Police officer jailed for making bogus insurance claim

PUBLISHED: 10:33 12 January 2006 | UPDATED: 09:24 06 May 2010

Richard Wilmot-Day showed a “breathtaking degree of arrogance” said Judge Breen

Richard Wilmot-Day showed a “breathtaking degree of arrogance” said Judge Breen

A TRAFFIC cop has been jailed for a year after making a bogus insurance claim. Ex-army officer Richard Wilmot-Day forged an invoice for repairs that had not been done after a motorbike crash in Biggleswade. He bolstered his claim by stating the accident

A TRAFFIC cop has been jailed for a year after making a bogus insurance claim.

Ex-army officer Richard Wilmot-Day forged an invoice for repairs that had not been done after a motorbike crash in Biggleswade.

He bolstered his claim by stating the accident was more extensive than it actually was.

And he even took the matter to county court, and later blamed others for the forgery.

Judge Geoffrey Breen told the 49-year-old he showed a "breathtaking degree of arrogance" as he sentenced him at St Albans Crown Court last Thursday.

He had been found guilty by a jury last month of using a false instrument and perverting the course of justice.

Wilmot-Day, a serving Hertfordshire officer, had represented himself at the two-week trial.

Judge Breen told him: "You had the opportunity to bow out but you didn't take it.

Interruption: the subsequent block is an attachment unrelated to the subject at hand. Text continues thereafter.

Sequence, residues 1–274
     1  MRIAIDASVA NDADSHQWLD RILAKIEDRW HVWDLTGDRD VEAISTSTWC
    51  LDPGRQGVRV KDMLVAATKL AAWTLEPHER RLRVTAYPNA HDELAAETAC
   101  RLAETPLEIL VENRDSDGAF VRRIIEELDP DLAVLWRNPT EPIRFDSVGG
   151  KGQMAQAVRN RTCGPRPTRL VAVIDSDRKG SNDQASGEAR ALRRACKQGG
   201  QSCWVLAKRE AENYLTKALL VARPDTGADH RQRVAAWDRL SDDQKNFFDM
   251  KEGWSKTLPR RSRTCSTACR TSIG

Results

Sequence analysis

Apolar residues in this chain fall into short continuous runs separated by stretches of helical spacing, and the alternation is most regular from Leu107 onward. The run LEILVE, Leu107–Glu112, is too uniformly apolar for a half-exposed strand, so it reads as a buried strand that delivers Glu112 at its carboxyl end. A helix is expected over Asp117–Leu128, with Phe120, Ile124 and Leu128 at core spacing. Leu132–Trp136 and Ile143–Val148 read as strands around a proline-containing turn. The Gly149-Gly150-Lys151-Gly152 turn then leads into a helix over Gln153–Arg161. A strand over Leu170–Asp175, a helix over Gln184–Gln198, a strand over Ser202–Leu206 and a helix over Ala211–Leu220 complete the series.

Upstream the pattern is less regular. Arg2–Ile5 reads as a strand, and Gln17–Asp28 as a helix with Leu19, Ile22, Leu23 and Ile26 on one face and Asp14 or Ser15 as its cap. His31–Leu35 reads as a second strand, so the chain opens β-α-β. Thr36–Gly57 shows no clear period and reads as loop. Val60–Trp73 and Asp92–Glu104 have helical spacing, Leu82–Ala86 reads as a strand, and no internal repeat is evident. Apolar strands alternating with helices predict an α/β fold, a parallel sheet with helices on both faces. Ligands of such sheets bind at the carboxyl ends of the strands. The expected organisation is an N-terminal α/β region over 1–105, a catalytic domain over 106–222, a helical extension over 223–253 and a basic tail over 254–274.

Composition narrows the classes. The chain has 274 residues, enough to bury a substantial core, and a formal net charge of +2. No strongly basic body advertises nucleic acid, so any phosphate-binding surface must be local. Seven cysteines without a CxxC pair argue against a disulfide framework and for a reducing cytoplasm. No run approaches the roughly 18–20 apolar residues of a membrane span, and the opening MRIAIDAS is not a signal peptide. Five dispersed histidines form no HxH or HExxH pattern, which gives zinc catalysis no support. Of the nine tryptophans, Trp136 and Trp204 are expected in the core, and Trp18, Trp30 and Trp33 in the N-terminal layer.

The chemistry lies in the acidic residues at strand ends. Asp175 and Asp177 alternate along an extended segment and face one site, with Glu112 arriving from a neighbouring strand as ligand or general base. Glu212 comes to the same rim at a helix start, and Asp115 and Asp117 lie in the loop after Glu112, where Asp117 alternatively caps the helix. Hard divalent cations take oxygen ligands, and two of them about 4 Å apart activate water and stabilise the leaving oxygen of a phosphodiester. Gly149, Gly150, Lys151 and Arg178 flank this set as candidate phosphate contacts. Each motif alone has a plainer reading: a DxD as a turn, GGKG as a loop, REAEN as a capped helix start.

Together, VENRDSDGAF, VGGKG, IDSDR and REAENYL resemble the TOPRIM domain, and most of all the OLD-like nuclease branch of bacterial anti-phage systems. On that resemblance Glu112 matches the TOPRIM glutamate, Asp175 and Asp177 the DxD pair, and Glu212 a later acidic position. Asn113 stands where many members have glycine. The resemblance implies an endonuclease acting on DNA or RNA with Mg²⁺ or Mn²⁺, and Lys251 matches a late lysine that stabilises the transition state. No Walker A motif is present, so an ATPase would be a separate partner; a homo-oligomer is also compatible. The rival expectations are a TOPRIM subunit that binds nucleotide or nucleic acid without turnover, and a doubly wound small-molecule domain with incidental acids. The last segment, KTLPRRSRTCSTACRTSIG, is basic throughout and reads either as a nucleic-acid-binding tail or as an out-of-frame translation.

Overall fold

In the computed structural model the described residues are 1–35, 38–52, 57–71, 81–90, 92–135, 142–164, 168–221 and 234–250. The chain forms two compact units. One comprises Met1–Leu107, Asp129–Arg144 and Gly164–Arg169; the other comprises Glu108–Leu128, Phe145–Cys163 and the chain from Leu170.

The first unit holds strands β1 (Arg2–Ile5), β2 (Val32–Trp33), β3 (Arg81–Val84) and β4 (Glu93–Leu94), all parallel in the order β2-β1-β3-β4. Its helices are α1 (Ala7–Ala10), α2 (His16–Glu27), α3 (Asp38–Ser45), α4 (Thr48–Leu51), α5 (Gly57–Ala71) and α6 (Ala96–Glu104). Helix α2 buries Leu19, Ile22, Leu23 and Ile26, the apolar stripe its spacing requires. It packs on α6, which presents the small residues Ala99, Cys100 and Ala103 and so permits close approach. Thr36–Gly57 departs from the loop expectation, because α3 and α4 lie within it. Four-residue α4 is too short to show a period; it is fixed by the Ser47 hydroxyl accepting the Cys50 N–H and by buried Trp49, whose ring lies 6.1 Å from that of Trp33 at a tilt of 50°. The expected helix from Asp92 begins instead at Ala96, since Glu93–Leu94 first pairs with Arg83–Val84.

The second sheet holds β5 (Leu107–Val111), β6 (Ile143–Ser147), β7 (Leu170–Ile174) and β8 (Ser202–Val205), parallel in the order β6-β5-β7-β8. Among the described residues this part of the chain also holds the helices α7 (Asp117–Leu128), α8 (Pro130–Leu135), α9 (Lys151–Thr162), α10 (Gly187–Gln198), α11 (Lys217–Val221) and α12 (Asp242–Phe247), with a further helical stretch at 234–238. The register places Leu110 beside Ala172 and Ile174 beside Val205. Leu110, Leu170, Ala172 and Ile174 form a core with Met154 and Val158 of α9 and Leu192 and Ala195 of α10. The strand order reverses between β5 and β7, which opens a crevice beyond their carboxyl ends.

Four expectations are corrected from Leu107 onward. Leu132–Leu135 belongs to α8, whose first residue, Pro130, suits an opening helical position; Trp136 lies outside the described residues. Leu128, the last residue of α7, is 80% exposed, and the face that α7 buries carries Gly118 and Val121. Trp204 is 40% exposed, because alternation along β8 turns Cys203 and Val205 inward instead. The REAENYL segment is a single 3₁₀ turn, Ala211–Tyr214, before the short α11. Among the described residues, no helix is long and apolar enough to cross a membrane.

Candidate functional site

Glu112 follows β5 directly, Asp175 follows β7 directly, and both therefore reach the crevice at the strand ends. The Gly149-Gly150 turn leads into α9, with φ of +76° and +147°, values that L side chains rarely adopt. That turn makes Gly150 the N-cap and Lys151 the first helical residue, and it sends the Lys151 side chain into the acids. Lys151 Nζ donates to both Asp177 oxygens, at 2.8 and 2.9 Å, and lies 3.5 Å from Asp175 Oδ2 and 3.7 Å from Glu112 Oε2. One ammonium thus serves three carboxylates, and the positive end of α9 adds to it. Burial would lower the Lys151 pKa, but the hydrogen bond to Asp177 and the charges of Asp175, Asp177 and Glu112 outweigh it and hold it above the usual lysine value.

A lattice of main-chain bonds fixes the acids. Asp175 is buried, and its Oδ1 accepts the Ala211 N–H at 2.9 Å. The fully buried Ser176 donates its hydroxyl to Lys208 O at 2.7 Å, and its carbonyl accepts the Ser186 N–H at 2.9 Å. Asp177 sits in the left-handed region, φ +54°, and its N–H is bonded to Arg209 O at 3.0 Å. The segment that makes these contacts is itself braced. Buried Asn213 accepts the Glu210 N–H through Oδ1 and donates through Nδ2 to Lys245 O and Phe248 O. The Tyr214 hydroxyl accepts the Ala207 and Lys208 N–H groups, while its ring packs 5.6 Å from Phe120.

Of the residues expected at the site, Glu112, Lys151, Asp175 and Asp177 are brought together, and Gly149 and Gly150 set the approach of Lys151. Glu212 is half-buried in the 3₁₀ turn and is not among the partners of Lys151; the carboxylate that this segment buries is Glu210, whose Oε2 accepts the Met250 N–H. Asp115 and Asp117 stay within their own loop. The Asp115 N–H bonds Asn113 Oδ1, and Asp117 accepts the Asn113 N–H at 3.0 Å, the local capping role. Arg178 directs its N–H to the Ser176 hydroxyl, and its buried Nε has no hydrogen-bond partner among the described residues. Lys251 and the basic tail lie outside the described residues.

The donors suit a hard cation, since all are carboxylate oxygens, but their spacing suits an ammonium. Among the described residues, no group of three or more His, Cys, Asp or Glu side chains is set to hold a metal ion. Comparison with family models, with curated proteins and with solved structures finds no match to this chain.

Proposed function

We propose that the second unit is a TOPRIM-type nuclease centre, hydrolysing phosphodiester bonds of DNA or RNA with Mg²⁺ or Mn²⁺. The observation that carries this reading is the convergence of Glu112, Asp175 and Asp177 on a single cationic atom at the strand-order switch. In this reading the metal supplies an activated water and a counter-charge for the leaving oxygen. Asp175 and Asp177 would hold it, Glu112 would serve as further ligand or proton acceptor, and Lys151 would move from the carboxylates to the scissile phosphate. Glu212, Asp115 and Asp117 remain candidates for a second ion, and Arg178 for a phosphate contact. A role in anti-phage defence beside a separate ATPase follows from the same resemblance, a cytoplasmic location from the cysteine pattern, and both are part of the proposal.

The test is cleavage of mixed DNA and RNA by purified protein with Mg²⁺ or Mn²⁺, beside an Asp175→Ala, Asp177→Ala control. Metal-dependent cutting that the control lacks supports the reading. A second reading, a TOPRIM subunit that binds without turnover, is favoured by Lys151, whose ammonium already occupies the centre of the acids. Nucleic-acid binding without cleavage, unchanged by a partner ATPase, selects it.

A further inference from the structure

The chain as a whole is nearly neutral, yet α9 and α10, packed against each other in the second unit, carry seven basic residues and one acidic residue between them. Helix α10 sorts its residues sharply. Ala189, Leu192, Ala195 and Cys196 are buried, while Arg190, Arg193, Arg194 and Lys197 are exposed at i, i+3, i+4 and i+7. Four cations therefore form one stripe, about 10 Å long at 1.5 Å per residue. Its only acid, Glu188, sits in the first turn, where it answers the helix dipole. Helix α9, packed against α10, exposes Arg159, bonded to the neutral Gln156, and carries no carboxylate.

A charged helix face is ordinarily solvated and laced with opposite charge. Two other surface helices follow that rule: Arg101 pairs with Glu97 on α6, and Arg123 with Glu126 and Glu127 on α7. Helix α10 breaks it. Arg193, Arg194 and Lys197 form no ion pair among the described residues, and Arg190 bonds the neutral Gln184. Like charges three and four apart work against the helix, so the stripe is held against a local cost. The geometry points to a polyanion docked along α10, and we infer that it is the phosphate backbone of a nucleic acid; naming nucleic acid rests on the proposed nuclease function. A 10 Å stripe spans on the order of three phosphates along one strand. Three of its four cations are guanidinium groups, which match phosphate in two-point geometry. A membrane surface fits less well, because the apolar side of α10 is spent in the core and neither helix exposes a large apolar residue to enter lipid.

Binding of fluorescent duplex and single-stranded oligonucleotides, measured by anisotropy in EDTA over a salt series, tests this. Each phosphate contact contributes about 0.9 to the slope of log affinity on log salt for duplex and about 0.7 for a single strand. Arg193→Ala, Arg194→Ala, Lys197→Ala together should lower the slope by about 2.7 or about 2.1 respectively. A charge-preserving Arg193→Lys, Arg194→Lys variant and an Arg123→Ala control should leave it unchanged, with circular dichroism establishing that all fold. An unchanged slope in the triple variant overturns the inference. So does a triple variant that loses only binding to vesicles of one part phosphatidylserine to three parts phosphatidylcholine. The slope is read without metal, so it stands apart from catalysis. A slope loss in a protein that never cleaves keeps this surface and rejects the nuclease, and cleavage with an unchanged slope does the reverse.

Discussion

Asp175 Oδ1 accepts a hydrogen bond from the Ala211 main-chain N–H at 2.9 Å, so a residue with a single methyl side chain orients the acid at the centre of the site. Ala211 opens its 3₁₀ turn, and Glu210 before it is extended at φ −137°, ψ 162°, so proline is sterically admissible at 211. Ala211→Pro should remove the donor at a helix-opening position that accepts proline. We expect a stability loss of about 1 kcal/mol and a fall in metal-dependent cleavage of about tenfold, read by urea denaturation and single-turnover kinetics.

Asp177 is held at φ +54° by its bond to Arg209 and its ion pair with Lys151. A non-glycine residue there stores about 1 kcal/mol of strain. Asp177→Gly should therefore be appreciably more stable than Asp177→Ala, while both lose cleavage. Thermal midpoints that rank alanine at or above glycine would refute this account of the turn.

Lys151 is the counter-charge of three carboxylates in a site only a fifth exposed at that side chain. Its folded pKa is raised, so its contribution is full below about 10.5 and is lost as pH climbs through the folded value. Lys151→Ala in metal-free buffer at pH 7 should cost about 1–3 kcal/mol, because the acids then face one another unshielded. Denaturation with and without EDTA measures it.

"You sought to cast blame for the forgery on others and repeatedly lied to a judge in the county court."

Married Wilmot-Day, of Sunderland Hall Farm off the road between Biggleswade and Dunton, previously had an exemplary 23 year career with the police and army. He had served in the Falklands and Northern Ireland.

He had also completed charity work for the Prince's Trust by piloting helicopters for Prince Charles.

Jailing Wilmot-Day for 12 months, Judge Breen said: "When an officer of the law behaves as disgracefully as you have throughout this matter, I'm afraid the background of a good character carries little weight.

"You were the author of your own downfall."

Wilmot-Day now faces being sacked from his job.

Assistant chief constable of Herts Police Simon Parr said: "It is always regrettable when a police officer is convicted of such a serious offence, and when allegations emerged around Richard Wilmot-Day we acted swiftly.

"Hertfordshire Constabulary does not tolerate corruption amongst its staff and measures are in place to detect inappropriate conduct.

"We always investigate allegations against a member of staff and have confidential reporting systems to enable this process.

"Any member of staff convicted of criminal offences knows they may face a penalty of immediate dismissal following a discipline hearing.

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